The well-intentioned handwringing over what to do about the slow asphyxiation of the traditional American humanities education continues over at Salon.com, where novelist Kim Brooks laments the failure of liberal arts colleges to prepare students for professionally and financially rewarding careers. Some might argue, however, that the real failure belongs to the crafters of broken domestic economic policy, not professors, artists and intellectuals.
“Why do even the best colleges fail so often at preparing kids for the world?” Brooks asks. That the “real” world is currently managed by men and women who have no visible concern for the welfare of the academy or the life of the mind and are principally and disastrously motivated by profit does not seem to factor large in her search for an answer. —ARK
Kim Brooks at Salon:
The answer, at least according to a recent article in the New York Times, is rather bleak. Employment rates for college graduates have declined steeply in the last two years, and perhaps even more disheartening, those who find jobs are more likely to be steaming lattes or walking dogs than doing anything even peripherally related to their college curriculum. While the scale and severity of this post-graduation letdown may be an unavoidable consequence of an awful recession, I do wonder if all those lofty institutions of higher learning, with their noble-sounding mission statements and soft-focused brochure photos of campus greens, may be glossing over the serious, at-times-crippling obstacles a B.A. holder must overcome to achieve professional and financial stability. I’m not asking if a college education has inherent value, if it makes students more thoughtful, more informed, more enlightened and critical-minded human beings. These are all interesting questions that don’t pay the rent. What I’m asking is far more banal and far more pressing. What I’m asking is: Why do even the best colleges fail so often at preparing kids for the world?
When I earned my diploma from the University of Virginia in the spring of 2000, it never occurred to me before my senior year to worry too seriously about my post-graduation prospects. Indeed, most of my professors, advisors and mentors reinforced this complacency. I was smart, they told me. I’d spent four years at a rigorous institution honing my writing, research and critical-thinking skills. I’d written an impressive senior thesis, gathered recommendations from professors, completed summer internships in various journalistic endeavors. They had no doubt at all that I would land on my feet. And I did (kind of), about a decade after graduating.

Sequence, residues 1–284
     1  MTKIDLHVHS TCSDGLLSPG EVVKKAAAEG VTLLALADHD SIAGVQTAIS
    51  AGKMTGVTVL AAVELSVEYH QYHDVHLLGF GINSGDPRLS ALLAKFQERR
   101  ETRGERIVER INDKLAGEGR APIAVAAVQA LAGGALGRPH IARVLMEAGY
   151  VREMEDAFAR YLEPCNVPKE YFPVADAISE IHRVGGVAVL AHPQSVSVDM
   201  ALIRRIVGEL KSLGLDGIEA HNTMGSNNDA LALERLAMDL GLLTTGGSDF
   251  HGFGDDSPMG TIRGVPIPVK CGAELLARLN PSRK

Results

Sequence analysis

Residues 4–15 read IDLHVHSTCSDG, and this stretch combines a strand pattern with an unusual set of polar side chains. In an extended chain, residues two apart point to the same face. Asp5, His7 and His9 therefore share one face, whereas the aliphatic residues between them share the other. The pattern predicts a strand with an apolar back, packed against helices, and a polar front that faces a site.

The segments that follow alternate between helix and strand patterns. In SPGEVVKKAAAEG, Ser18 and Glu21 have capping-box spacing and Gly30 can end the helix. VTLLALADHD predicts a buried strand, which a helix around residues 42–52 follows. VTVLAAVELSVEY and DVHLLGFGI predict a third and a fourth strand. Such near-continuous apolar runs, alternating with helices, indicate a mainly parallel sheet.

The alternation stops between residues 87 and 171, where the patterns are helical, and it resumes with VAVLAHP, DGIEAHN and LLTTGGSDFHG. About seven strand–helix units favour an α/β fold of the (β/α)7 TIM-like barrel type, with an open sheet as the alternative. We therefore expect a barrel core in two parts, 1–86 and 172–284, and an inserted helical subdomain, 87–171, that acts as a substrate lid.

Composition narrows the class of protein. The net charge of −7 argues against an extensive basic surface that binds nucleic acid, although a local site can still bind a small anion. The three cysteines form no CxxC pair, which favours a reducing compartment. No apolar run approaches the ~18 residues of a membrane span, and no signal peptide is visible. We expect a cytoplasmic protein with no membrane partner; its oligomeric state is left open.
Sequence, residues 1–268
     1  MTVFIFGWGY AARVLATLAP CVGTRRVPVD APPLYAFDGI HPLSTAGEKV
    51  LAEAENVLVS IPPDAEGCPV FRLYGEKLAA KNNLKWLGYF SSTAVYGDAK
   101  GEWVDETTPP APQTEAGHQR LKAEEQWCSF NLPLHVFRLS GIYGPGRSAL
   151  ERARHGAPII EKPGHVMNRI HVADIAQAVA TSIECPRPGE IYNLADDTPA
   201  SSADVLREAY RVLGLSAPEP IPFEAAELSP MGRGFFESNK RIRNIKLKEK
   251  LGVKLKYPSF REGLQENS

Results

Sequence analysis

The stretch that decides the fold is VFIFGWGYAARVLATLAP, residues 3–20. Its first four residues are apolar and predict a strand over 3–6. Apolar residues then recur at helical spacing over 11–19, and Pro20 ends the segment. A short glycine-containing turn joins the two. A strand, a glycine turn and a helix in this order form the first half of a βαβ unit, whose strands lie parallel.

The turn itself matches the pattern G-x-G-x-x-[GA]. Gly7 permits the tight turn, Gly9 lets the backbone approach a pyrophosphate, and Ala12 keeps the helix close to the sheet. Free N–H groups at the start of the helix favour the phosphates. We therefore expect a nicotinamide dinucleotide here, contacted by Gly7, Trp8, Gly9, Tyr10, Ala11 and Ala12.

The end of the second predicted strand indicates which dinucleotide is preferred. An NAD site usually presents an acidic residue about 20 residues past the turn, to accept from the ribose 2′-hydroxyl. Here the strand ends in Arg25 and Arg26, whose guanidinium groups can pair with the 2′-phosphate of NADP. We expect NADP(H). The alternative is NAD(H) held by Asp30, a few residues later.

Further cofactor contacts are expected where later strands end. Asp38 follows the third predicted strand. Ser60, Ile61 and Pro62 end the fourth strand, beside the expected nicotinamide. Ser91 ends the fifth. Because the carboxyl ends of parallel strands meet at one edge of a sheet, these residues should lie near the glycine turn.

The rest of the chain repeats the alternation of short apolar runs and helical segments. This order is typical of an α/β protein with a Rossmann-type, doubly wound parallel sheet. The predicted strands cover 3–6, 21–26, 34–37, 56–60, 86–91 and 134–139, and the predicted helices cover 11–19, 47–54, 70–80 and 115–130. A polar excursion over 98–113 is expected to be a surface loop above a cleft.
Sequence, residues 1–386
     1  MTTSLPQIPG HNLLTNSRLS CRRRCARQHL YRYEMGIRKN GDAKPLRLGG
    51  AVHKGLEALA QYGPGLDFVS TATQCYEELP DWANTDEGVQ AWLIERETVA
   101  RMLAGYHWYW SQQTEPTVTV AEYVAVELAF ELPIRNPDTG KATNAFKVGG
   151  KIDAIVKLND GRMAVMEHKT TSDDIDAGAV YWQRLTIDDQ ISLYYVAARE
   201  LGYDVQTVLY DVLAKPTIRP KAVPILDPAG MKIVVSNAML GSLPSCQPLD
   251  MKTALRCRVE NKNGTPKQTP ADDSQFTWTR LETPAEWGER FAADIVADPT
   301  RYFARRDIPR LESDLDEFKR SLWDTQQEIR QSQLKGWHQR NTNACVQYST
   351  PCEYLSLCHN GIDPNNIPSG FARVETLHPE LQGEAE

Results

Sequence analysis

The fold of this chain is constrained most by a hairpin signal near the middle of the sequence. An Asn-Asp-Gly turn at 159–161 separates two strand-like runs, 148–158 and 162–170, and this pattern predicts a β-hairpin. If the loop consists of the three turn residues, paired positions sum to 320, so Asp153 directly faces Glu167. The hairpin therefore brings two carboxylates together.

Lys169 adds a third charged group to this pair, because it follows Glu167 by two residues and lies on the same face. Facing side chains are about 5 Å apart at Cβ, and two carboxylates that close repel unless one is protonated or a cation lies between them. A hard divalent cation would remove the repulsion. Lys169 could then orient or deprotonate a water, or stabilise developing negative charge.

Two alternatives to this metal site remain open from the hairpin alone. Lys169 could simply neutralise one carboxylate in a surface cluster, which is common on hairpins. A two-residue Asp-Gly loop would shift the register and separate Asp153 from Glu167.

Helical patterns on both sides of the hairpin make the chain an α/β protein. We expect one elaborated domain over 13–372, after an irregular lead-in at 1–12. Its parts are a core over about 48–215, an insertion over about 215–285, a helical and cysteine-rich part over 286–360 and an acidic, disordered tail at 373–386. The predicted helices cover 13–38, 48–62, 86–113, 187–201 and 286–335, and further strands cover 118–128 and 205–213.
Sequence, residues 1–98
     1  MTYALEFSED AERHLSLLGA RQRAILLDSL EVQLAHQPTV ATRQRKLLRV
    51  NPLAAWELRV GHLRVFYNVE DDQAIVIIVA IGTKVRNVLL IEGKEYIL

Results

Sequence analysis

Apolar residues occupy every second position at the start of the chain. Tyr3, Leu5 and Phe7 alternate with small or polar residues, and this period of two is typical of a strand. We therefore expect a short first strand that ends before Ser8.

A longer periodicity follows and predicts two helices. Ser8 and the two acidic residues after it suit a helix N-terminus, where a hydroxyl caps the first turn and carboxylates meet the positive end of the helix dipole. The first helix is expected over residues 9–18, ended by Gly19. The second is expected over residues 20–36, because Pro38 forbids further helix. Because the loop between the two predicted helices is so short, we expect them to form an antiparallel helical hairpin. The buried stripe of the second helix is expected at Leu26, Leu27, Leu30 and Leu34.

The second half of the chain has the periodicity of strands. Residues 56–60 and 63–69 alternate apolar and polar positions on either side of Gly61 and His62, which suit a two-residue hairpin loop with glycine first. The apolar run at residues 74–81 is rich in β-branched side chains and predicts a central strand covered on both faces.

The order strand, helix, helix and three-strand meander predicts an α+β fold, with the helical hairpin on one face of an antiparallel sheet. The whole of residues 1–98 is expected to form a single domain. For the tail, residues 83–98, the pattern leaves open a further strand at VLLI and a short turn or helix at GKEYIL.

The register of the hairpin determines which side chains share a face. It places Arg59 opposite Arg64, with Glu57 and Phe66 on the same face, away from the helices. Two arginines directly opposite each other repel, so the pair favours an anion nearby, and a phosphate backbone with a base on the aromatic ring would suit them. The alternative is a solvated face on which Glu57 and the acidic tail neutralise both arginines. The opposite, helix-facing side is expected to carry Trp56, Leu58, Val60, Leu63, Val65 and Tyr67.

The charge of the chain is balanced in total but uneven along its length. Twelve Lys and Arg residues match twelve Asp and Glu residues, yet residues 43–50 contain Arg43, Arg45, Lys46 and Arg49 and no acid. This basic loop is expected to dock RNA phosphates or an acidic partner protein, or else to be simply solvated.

... Of course, there are certainly plenty of B.A. holders out there who, wielding the magic combination of competency, credentials and luck, are able to land themselves a respectable, entry-level job that requires neither name tag nor apron. But for every person I know who parlayed a degree in English or anthropology into a career-track gig, I know two others who weren’t so lucky, who, in that awful, post-college year or two or three or four, unemployed and uninsured and uncommitted to any particular field, racked up credit card debt or got married to the wrong person or went to law school for no particular reason or made one of a dozen other time- and money-wasting mistakes.
The Venus de Milo, sculpted between 130 and 100 B.C., stands armless in the Louvre.